"While President Trump's address today in Saudi Arabia appears to be an attempt to set a new and more productive tone in relations with the Muslim world, one speech cannot outweigh years of anti-Muslim rhetoric and policy proposals - including an attempt to enact a Muslim ban by executive order, which his administration continues to defend in court," said the group's national executive director, Nihad Awad.

Awad said CAIR was still waiting for Trump "to acknowledge and repudiate the growing Islamophobia in America for which he and his supporters must assume a large degree of responsibility."

Earlier, CAIR urged Trump to use the event in Riyadh to clarify whether or not he respects Islam, and to avoid using "pejorative terminology" and "anti-Muslim stereotypes."

In his response to the speech, Awad also commented on the president's use of the term "Islamist," calling it an "ill-defined term" whose use will only perpetuate a "false" Islam-terrorism link.

"Unfortunately, ‘Islamist' is often used to describe both those engaged in acts of terrorism and those seeking peaceful social and political participation based on mainstream Islamic values and principles," Awad said.

"Without actually defining the term or outlining what criteria are used when applying that label to individuals, groups or nations, the linkage of the term ‘Islamist' to violence and extremism unjustifiably associates all of Islam to the anti-Islamic acts of a tiny minority of extremists," he argued.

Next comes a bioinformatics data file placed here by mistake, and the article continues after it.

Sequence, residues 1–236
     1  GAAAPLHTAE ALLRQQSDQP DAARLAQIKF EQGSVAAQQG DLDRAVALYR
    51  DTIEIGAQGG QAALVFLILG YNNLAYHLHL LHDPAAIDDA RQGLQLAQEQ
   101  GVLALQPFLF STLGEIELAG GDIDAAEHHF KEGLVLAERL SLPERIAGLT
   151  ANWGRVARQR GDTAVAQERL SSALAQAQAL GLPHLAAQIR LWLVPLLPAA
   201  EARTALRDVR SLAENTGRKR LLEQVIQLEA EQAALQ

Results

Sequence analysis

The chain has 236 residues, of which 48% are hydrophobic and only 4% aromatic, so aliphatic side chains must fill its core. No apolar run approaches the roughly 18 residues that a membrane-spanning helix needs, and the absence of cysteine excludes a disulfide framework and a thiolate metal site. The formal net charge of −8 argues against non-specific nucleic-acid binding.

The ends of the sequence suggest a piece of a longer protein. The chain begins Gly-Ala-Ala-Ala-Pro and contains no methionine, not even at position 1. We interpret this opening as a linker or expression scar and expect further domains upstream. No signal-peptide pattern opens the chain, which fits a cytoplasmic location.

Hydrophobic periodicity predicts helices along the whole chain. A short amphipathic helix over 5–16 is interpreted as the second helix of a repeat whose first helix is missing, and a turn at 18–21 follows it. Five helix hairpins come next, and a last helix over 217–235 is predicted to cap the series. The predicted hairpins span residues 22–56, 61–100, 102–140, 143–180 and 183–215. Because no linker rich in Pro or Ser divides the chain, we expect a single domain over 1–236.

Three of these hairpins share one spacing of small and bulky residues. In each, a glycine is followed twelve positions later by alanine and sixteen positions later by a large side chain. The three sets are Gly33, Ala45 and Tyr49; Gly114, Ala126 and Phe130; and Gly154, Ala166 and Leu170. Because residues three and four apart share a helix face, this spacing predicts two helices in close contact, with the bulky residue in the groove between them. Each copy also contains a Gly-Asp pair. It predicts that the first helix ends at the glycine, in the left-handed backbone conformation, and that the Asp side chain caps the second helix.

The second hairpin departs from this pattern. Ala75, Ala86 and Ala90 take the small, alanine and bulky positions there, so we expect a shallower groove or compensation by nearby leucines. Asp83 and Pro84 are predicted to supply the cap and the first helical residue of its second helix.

The "Islamist" ideology is often associated with groups like the Muslim Brotherhood, established in Egypt but with branches across the region and beyond.

Egypt, and many of the Arab Gulf states, have outlawed the Muslim Brotherhood. Calls in Congress for the U.S. to do so too are opposed by groups like CAIR, which have long denied being fronts for the group.

(When the UAE government outlawed the Muslim Brotherhood in 2014, it listed CAIR and the Muslim American Society as groups in the West affiliated to the Brotherhood.)

One group that did complain about Trump's speech was Hamas, the U.S.-designated foreign terrorist organization that was spawned by the Muslim Brotherhood in 1987 and seized control of the Gaza Strip a decade ago.

In his speech Trump, lumped Hamas with ISIS, al-Qaeda and Hezbollah when referring to the cost of terrorism - both in the number of victims and in "generations of vanished dreams."

Hamas spokesman Fawzi Barhoum said in a statement Trump's speech was confirmation that Trump was following previous administrations in his "bias" towards Israel.

Trump is due to visit Israel and the disputed territories this week, and some Palestinian activists have called for a "day of rage" when he visits Bethlehem on Tuesday.

"Days of rage" in past years have often seen acts of violence and terrorism directed at Israelis.

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Courtesy of CNSNews.com 

Patrick covered government and politics in South Africa and the Middle East before joining CNSNews.com in 1999. Since then he has launched foreign bureaus for CNSNews.com in Jerusalem, London and the Pacific Rim. From October 2006 to July 2007, Patrick served as Managing Editor at the organization's world headquarters in Alexandria, Va. Now back in the Pacific Rim, as International Editor he reports on politics, international relations, security, terrorism, ethics and religion, and oversees reporting by CNSNews.com's roster of international stringers.